East London charity faces closure unless it finds new home

Smile London and Essex supports around 2,700 in-need people each year (Maria Quaife)
Smile London and Essex supports around 2,700 in-need people each year (Maria Quaife)

An east London charity that helps thousands of low-income families is facing closure unless it can urgently raise £20,000.

Smile London and Essex, based in Romford, supports thousands of people in need by providing essentials like food, clothing, toiletries and homeware.

But it was reportedly given notice on Tuesday that it must vacate its premises within seven days.

The charity, founded by CEO Maria Quaife in 2017, has been allowed to use the same premises as a hub for four years, where it is not charged rent.

But the landlord has reportedly evicted them so the site can be renovated and leased.

 (Maria Quaife)
(Maria Quaife)

“I'm heartbroken,” Ms Quaife told the Standard. “I haven’t slept really since Tuesday.

“I have my team asking ‘do we still have jobs?’

“And we've had to publicly announce were closed. Clients have been asking ‘what are we going to do? Where am I going to get my food and support?’”

Ms Quaife says that after negotiations the charity has now been given 30 days, until May 9, to find a new premises.

“It's given us a bit of a breather but it's still nothing, to find a new premises we can afford,” she said. “We also need to pack up about 12 tonnes of food, and four commercial fridge freezer units, the retail shop with rails of clothing, and the office.”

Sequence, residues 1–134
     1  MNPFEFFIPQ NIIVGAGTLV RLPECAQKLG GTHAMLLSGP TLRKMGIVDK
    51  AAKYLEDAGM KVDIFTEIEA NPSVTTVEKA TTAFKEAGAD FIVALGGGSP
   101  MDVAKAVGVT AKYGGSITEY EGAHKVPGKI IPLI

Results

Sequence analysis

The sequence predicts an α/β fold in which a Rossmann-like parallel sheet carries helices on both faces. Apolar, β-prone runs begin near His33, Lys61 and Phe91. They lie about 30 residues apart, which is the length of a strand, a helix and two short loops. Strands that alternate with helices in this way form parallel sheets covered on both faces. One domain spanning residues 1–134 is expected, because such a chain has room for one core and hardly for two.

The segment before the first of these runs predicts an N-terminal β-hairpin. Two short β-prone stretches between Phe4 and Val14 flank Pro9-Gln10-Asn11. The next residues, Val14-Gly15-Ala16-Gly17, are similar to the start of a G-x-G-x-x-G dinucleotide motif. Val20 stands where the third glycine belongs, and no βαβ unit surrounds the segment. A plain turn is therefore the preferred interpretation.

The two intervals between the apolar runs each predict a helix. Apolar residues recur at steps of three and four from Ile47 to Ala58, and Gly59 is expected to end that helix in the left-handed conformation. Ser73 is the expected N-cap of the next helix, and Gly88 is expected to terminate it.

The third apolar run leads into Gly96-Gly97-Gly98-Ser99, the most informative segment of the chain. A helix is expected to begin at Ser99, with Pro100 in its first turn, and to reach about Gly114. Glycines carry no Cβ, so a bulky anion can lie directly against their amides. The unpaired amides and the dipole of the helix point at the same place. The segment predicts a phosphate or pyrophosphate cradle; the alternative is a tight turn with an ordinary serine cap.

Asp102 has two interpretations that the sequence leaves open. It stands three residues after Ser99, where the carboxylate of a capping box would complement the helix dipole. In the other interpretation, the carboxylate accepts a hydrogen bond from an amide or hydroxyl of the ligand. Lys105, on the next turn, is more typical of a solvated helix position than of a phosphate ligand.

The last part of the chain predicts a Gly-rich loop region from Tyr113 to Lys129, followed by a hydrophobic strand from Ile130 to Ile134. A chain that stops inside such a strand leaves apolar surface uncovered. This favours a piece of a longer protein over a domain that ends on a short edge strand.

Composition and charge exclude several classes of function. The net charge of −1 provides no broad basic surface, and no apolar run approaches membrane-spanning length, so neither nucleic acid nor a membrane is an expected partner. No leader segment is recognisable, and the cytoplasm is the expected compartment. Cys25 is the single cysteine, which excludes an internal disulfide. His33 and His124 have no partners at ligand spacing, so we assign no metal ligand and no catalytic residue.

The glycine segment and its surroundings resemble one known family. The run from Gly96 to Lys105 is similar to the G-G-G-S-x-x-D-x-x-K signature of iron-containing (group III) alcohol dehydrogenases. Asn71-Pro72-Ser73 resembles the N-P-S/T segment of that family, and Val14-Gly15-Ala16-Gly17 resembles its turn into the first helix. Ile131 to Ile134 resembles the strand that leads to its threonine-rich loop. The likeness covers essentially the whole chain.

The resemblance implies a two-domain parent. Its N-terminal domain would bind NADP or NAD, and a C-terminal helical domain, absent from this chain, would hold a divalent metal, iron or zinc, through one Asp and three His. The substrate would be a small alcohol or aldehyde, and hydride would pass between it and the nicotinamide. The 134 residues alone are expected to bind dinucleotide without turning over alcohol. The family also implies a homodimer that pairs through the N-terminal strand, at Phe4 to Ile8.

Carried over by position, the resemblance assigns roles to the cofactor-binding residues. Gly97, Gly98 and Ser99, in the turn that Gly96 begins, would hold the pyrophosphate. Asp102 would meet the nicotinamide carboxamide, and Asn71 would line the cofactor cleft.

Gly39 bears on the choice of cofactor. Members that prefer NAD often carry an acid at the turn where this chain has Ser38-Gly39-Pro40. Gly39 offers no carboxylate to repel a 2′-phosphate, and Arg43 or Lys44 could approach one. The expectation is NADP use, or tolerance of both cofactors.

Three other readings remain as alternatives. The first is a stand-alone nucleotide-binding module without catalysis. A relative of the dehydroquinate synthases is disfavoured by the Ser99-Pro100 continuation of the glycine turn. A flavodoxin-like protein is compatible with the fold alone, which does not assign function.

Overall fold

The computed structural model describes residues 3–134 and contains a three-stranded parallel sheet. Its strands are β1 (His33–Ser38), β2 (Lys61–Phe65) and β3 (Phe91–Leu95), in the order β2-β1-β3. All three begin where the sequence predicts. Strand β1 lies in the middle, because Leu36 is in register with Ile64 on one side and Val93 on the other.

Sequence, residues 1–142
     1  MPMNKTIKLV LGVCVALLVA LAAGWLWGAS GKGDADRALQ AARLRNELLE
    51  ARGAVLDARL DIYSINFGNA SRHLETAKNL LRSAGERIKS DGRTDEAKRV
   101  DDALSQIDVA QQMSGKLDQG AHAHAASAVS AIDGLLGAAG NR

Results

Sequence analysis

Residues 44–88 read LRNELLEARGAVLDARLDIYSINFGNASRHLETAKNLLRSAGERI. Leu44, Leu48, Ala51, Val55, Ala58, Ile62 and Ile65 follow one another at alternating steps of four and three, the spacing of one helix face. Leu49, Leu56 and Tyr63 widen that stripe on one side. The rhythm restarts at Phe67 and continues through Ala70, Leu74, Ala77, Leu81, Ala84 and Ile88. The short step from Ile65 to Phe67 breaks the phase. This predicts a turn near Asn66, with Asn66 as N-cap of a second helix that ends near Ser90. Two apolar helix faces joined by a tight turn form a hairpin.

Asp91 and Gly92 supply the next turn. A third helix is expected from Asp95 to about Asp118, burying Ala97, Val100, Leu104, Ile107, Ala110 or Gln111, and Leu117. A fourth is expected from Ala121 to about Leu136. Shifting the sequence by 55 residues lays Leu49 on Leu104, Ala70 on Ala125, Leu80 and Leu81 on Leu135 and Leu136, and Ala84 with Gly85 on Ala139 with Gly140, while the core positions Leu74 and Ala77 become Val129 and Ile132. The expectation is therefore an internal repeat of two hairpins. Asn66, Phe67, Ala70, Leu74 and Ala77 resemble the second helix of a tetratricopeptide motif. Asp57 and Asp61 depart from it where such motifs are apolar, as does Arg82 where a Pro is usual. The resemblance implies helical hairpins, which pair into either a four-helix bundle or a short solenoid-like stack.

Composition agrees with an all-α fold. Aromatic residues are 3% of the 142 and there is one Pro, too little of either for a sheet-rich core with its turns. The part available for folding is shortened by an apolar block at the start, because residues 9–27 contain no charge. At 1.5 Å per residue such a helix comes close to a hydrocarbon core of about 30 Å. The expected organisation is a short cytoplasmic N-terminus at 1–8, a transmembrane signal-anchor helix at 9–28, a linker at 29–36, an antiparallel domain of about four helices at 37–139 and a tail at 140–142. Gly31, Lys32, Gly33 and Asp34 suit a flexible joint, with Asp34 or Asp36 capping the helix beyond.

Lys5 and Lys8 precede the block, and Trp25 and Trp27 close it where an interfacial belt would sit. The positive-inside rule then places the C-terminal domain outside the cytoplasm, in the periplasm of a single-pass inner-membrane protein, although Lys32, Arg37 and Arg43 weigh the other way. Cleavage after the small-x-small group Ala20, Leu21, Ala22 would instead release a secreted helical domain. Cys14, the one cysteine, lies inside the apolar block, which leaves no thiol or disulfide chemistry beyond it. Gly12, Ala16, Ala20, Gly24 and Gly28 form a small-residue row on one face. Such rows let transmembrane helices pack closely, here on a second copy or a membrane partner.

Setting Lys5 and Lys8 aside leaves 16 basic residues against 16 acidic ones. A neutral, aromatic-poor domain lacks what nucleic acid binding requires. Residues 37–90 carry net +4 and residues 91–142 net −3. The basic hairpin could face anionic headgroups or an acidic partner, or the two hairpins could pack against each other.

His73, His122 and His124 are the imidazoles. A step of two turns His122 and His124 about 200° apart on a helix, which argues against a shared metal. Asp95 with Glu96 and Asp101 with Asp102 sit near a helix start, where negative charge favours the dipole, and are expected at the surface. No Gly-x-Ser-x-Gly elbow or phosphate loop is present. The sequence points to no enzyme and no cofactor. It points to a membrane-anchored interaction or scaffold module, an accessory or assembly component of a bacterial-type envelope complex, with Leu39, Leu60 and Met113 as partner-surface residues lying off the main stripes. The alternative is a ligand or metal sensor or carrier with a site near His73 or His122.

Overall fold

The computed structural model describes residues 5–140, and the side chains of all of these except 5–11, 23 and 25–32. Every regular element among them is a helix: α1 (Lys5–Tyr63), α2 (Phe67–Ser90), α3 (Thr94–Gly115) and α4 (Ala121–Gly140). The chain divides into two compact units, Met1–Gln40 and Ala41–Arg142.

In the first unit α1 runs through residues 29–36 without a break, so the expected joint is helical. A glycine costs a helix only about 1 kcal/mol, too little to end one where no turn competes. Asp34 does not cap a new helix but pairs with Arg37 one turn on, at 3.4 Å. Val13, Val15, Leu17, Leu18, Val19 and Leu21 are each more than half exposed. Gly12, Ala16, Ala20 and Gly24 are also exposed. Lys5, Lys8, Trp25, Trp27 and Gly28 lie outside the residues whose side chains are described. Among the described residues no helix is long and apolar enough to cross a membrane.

Ms Quaife said Havering Council has suggested it has a premises Smile could rent, but that the charity must raise £20,000 in the next week in order to secure this.

Maria Quaife (Maria Quaife)
Maria Quaife (Maria Quaife)

“If we can raise as close to £20,000 as possible in the next week, we can go to the council,” she said.

“That would just be one year’s rent, then we still have to pay the normal utilities, insurance. Our running cost £6-7,000 a month at the moment.”

Smile London and Essex supports around 2,700 people a year. It also distributes more than 2,000 Christmas presents and Easter eggs to children living in hostels across London and Essex each year.

Around 60 families a day visit to collect vital food supplie, and many more use the charity’s clothing bank.

Ms Quaife explains clients are treated like customers, picking up food and clothing in a shop where they may choose what they take, before paying with vouchers.

Clients also volunteer at the charity, gaining confidence and skills to help them back into work.

“It was only a small project to start with, but the need outweighed the support that was available and it just snowballed from there,” said Ms Quaife.

“We pride ourselves on giving clients dignity.”

If the charity can’t find a new premises and has to close, she fears clients won’t have the support they need.

“There is no charity like ours,” she said. “There's not going to be a safety net for clients that rely on our food services.

“We're not a money-grabbing charity, but at this point we need something to keep the charity alive.”

A Havering Council spokesperson told the BBC: "We're sad to hear about the potential closure of Smile and the impact this will have on the residents who rely on its invaluable support.

"The building is privately owned, so we have no control over commercial decisions.

"However, we are currently exploring if there is an opportunity to accommodate Smile within any vacant commercial council premises, so that they can continue to support local families.”

Visit the charity’s fundraising page here.